Although he's still a graduate student, Harvard's Jimmy Liao (pictured left) has accomplished something that many scientists at major research universities never achieve: a first-author article in Science . We tracked him down and asked him how he got where he is, and where he's headed. We learned that Liao, like the fish he studies, is remarkably well adapted for his chosen environment.
Next Wave: Tell us, in just a few sentences, what you've reported in your Science paper.
Jimmy Liao: We show that fish can use the energy of a turbulent-flow environment to help them swim forward. Specifically, rainbow trout use a unique swimming motion, which we termed the Kármán gait, that involves little muscle activity near the head when exposed to experimentally generated vortices. This small amount of muscle activity reflects corrective movements of the head and is drastically different from the whole-body pattern of muscle activity responsible for large, bending motions seen when trout swim in uniform flows. Although many theories have suggested that animals moving through a fluid environment (air or water) can benefit from vortices, there was no direct experimental evidence that demonstrates the mechanism and its effect on the physiology of the animal until now. Linking vortex interactions with decreased muscle activity supports a hydrodynamic explanation for fish distributions in schools and in current-swept habitats. So, for instance, by understanding how fish can use turbulence to save energy, we may be able to design fish passageways that provide "rest stops" for migrating fishes in the near future.
NW: How would you describe yourself? Are you a wildlife biologist? An evolutionary biologist? How did you end up working in this field? Is it a lifelong interest or something you stumbled into?
JL: I'm an evolutionary biologist interested in animal behavior. To understand behavior, I have approached questions from a biomechanical perspective as a graduate student, but I plan on investigating behavior at the neurological level as a postdoc. My interests are focused on fish behavior, ecology, and evolution.
I have always been obsessed with fishes, fishing, and fish behavior. I started fishing when I was 2, if you can believe it, in the duck pond at Prospect Park in New York City. From there my family moved to the suburbs, where I grew up catching fish, frogs, insects, turtles, and crayfish and turning our bathroom and living room into a zoo. So being a naturalist has definitely been a lifelong interest. It also helped that my dad was a passionate angler and that my parents managed a sushi restaurant, where I could poke and prod at a diversity of fishes from around the world. My parents were very tolerant; they endured live fish in the bathtub for days on end and preserved fish skins in the basement during my fish taxidermy phase in 4th grade.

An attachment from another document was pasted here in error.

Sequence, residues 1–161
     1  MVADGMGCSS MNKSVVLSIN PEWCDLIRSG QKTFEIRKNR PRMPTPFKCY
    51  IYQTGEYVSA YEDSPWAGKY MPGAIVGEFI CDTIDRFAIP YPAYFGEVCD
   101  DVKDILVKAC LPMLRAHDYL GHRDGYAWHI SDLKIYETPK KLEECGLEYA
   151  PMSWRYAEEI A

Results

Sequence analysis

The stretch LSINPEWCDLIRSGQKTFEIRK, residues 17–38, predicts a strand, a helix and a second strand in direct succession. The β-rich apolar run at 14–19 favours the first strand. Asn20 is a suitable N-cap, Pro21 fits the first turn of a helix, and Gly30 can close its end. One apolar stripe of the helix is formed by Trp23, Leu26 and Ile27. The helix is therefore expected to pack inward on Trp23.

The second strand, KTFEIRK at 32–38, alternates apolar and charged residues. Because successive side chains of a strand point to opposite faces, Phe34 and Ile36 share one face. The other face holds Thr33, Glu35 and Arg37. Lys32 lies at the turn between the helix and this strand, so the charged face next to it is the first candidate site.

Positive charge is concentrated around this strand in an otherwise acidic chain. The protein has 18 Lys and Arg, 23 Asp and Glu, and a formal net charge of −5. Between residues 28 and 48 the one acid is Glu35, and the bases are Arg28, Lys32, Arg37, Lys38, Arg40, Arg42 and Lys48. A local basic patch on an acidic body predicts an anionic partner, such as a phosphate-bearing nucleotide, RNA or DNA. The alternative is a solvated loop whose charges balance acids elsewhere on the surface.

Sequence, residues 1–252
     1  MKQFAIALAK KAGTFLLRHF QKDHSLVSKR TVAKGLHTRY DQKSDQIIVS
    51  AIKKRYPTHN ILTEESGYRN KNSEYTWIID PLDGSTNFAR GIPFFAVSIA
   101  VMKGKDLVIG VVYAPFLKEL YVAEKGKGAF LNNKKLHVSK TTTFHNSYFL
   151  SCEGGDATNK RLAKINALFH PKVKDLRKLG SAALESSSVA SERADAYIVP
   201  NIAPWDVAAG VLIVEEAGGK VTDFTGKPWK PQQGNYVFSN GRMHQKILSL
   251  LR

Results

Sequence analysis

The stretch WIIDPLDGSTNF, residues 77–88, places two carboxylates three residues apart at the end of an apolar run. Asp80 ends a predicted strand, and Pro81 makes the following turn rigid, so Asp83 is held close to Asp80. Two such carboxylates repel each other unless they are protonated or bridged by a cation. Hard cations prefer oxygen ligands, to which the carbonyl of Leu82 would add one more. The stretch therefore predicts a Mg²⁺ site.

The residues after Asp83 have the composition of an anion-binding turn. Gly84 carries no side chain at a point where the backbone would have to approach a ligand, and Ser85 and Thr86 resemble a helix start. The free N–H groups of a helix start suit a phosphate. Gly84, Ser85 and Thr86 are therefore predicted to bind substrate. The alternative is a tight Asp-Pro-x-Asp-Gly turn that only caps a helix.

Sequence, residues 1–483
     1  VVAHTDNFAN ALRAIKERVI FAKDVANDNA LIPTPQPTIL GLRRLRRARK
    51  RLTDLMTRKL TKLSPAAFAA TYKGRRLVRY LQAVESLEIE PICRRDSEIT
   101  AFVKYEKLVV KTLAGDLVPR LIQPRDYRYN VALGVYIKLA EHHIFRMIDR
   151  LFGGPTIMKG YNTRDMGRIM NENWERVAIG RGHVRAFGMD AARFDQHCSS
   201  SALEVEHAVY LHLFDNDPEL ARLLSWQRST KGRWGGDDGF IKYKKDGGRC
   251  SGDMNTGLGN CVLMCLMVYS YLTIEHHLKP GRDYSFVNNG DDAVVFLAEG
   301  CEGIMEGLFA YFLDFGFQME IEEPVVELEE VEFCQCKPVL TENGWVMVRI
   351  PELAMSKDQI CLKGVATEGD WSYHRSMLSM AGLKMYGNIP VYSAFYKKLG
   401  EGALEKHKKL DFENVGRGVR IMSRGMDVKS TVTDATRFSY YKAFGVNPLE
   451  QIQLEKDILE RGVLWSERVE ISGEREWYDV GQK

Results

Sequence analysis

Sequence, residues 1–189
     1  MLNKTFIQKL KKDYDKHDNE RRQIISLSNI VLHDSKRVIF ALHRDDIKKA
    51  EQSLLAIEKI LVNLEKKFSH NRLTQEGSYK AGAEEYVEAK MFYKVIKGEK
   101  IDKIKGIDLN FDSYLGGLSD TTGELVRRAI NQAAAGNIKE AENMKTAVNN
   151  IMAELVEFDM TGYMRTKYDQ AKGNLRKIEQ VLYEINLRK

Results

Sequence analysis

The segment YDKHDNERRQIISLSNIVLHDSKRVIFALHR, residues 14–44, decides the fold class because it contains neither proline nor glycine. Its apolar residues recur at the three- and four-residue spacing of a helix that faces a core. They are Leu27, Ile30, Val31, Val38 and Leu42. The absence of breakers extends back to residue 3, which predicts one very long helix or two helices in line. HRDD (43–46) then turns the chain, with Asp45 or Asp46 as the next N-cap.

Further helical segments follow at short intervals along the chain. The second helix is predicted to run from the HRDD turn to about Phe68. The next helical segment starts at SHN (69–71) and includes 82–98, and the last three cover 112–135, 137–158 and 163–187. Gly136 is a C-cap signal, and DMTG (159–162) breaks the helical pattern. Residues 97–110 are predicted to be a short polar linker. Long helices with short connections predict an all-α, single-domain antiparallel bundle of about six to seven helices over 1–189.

NW: Your paper is a collaboration with scientists at Harvard and MIT. Can you describe the nature of the collaboration? Who did what?
JL: Having observed fishes in the field growing up, I was interested in how fish interact with the wakes of objects in the flow. I had talked this over with my adviser, George Lauder, and we were thinking about using rocks or spheres to generate predictable wakes that we could then visualize using a quantitative flow visualization technique. At about that same time, David Beal, who was doing his mechanical engineering degree at MIT under his adviser Michael Triantafyllou--it was on how foils interact with vortices to maximize thrust and propulsive efficiency--e-mailed me and asked how fish interact with vortices. I told him that I was planning on doing some experiments to find out and invited him over to take a look. From day one we got along very well personally and decided to tackle part of the problem together.
David is a really sharp engineer and immediately suggested that we use a hemicylinder to ensure that we generate consistent vortices. It was a really productive and enjoyable synergy between us; my fluid-dynamics questions would push David to think about things he hadn't considered before, and his biological questions did the same for me. There was quite a lot of data to analyze, and David wrote most of the programs that were essential for the analysis. Over the course of the project, both David and Michael taught George and me a lot about cylinder wakes and fluid dynamics in general and added to the sophistication of the project immeasurably. Once I learned the technique, I did the muscle-activity experiments largely on my own, but George, who is just a master experimentalist, generously spent several hours showing me the ins and outs of fish surgery.